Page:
4 minutes reading time (794 words)

UNDER

I woke up thinking about a poem. For some reason, it isn’t well known, though I can’t think why not.

The author is J C Squire, Sir John Collings Squire, a trouble-maker of superior order in his day. An anti-modernist. A ‘Georgian’. A heavy drinker.

His own band of followers were known as 'the Squirearchy'. They sat, in metaphorical terms, on the opposite bank to the Bloomsbury group, although he certainly published some of them in The London Mercury, during his 15 years of editorship.

You can see some lovely photographs of him in the online collection of the National Portrait Gallery. He was clearly fond of stripey blazers. He was known for his antagonism towards current trends in poetry and he was enthusiastic about cricket.

His Wikipedia entry is dodgy. Obviously nobody has taken sufficient interest in him to do it well, though under ‘Reputation’ it does tell us 'he is generally credited with the one-liner I am not so think as you drunk I am'. It is all a long time ago. The literary squabbles of those days (in which JCS certainly played his role) are largely forgotten, just as the literary squabbles of today will be.

Knighted in 1933 (I don't know why -- perhaps services to literature?), he loved poetry and knew a lot about it. He wrote several volumes of poems himself, most of them forgettable, as is true for most of us. He also penned some extremely clever parodies – and given that he’s credited with being ‘Georgian’, he’s remarkably good at mocking some of the features of that period, and indeed the features of any period.

He was astute, witty and . . . wrote one poem at least I shan’t forget. Technically, this is in copyright but I feel the dead Sir John would sit up in his grave cheerfully at the thought of being read.

So what do you make of this? It is from Poems, First Series published by Martin Secker in 1918, when the author would have been only 34, but feeling much older. Thanks to his poor eye-sight, he had survived the Great War. Many of his contemporaries had not.



UNDER

In this house, she said, in this high second storey,
In this room where we sit, over the midnight street,
There runs a rivulet, narrow but very rapid,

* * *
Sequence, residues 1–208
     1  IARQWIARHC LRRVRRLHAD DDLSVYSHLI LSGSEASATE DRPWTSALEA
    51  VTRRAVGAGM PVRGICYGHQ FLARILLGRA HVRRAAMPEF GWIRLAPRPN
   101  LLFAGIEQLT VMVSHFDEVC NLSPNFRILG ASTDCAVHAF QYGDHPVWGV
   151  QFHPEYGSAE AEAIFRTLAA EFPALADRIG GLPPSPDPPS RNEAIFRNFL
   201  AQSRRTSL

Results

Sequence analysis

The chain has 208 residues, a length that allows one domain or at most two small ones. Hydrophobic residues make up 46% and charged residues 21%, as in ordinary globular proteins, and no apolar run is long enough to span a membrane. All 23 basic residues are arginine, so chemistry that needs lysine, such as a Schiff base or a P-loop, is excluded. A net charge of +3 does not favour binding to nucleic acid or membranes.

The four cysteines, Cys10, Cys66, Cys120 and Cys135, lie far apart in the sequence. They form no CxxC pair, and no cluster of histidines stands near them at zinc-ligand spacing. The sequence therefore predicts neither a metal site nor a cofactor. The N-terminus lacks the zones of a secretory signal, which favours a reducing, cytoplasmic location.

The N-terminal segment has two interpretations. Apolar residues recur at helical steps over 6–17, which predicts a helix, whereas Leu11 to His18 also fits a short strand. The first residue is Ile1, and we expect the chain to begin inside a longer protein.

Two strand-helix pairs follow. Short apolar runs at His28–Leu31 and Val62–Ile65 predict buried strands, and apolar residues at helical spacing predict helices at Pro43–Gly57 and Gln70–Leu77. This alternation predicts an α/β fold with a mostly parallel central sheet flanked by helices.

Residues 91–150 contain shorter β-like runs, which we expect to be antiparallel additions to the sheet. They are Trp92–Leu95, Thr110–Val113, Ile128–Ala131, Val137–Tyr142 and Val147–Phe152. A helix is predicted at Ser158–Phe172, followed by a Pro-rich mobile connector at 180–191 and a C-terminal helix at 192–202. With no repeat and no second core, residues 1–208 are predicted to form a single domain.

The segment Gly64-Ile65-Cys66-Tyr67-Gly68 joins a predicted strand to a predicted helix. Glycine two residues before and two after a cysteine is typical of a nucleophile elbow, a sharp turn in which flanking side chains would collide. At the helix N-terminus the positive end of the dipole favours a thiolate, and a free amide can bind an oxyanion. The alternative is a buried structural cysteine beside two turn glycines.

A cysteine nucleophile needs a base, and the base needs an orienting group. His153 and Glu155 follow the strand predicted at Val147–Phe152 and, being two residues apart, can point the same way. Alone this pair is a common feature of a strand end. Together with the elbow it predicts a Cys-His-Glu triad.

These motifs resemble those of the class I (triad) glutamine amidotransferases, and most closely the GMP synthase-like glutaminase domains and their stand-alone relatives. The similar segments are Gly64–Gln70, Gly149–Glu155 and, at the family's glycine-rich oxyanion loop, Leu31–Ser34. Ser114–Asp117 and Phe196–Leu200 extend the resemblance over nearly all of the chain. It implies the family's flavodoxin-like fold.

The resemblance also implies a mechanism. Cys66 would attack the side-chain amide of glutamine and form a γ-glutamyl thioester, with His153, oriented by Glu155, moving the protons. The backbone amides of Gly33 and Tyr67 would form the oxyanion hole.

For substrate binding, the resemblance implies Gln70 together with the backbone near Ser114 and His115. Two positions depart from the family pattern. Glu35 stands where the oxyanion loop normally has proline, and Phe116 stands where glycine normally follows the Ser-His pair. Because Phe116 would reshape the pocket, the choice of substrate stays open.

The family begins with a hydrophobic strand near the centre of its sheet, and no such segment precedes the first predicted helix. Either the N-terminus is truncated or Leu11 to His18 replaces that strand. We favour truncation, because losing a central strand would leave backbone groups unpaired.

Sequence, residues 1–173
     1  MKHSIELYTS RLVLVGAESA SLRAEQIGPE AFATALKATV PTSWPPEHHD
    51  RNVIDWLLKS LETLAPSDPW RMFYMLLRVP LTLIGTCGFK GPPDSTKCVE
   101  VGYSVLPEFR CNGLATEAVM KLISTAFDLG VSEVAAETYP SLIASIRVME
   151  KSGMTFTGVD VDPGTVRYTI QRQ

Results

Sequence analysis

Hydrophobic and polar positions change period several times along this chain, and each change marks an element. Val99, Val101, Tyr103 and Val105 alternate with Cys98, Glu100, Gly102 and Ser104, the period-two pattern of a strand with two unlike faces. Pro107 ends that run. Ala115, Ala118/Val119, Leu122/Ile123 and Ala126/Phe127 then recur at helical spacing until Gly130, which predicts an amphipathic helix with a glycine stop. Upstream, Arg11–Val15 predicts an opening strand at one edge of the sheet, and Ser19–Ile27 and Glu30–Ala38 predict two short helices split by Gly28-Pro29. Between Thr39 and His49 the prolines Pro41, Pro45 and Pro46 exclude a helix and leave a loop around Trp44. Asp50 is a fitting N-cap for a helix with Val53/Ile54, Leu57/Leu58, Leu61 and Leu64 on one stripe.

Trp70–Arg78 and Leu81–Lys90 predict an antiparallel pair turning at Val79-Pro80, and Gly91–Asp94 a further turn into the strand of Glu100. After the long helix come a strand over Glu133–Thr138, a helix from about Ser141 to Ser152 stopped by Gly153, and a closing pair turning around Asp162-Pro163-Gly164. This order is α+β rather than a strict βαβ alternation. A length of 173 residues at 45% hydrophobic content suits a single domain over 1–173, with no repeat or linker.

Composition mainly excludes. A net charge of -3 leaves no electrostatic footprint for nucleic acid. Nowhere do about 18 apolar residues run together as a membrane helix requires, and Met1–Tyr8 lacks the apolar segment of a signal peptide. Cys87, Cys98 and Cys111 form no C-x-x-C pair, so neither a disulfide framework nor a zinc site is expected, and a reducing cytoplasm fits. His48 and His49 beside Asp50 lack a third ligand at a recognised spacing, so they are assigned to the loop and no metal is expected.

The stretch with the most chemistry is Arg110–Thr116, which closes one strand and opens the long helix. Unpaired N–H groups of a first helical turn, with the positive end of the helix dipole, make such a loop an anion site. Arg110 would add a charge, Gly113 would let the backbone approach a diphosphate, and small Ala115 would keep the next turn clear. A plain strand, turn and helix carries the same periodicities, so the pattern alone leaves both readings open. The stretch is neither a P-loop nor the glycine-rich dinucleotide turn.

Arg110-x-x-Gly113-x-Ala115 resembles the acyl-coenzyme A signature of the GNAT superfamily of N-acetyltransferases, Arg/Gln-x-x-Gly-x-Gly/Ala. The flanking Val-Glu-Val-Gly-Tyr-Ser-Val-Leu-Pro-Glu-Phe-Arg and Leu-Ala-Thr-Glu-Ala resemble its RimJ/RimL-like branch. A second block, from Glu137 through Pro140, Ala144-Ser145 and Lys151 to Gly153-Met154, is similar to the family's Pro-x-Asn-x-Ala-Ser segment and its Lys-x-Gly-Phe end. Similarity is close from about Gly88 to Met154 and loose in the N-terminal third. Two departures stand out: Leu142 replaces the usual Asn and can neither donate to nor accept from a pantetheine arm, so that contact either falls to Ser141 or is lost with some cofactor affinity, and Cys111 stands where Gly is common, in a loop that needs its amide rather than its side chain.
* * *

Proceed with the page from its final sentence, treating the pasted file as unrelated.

Under the still floor and your unconscious feet.

The lamp on the table made a cone of light
That spread to the base of the walls: above was in gloom.
I heard her words with surprise; had I worked here so long,
And never divined the secret of the room?

‘But how,’ I asked, ‘does the water climb so high?’
‘I do not know,’ she said, ‘but the thing is there;
Pull up the boards while I go and fetch you a rod.’
She passed, and I heard her creaking descend the stair.

And I rose and rolled the Turkey carpet back
From the two broad boards by the north wall she had named,
And, hearing already the crumple of water, I knelt
And lifted the first of them up; and the water gleamed,

Bordered with little frosted heaps of ice,
And, as she came back with a rod and a line that swung,
I moved the other board; in the yellow light
The water trickled frostily, slackly along.

I took the tackle, a stiff black rubber worm,
That stuck out its pointed tail from a cumbrous hook.
‘But there can’t be fishing in water like this,’ I said,
And she, with weariness, ‘There is no ice there. Look.’

And I stood there, gazing down at a stream in spate,
Holding the rod in my undecided hand . . .
Till it all in a moment grew smooth and still and clear,
And along its deep bottom of slaty grey sand

Three scattered little trout, as black as tadpoles,
Came waggling slowly along the glass-dark lake,
And I swung my arm to drop my pointing worm in,
And then I stopped again with a little shake.

For I heard the thin gnat-like voices of the trout
—My body felt woolly and sick and astray and cold—
Crying with mockery in them: ‘You are not allowed
To take us, you know, under ten years old.’

And the room swam, the calm woman and the yellow lamp,
The table, and the dim-glistering walls, and the floor
And the stream sank away, and all whirled dizzily,
And I moaned, and the pain at my heart grew more and more,

And I fainted away, utterly miserable,
Falling in a place where there was nothing to pass,
Knowing all sorrows and the mothers and sisters of sorrows,
And the pain of the darkness before anything ever was.

 

 

THREE NEW PUBLICATIONS, AND MORE ON SIR JOHN . . ....
NOT FOR AMBITION OR BREAD
 

Comments 3

Guest - john smart on Saturday, 03 February 2018 16:59

The strangest of Squire's poems. Betjeman, who did the Collected Poems was puzzled.

The strangest of Squire's poems. Betjeman, who did the Collected Poems was puzzled.
Guest - Nell on Saturday, 03 February 2018 17:40

He might well have been puzzled! I think it's a dream poem. But that's not to say it doesn't have troubling meaning.

He might well have been puzzled! I think it's a dream poem. But that's not to say it doesn't have troubling meaning.
Guest - George Simmers on Monday, 04 July 2011 16:50

I'm a Squire fan. His Collected Poems is full of unexpected things, like 'The Stockyard', a terrific description of meat-processing in Chicago. But - not in the Collected Poems - best of all are the parodies, like this one:

If Gray Had Had to Write His Elegy in the Cemetery of Spoon River Instead of in That of Stoke Poges

The curfew tolls the knell of parting day,
The whippoorwill salutes the rising moon,
And wanly glimmer in her gentle ray,
The sinuous windings of the turbid Spoon.

Here where the flattering and mendacious swarm
Of lying epitaphs their secrets keep,
At last incapable of further harm
The lewd forefathers of the village sleep.

The earliest drug of half-awakened morn,
Cocaine or hashish, strychnine; poppy-seeds
Or fiery produce of fermented corn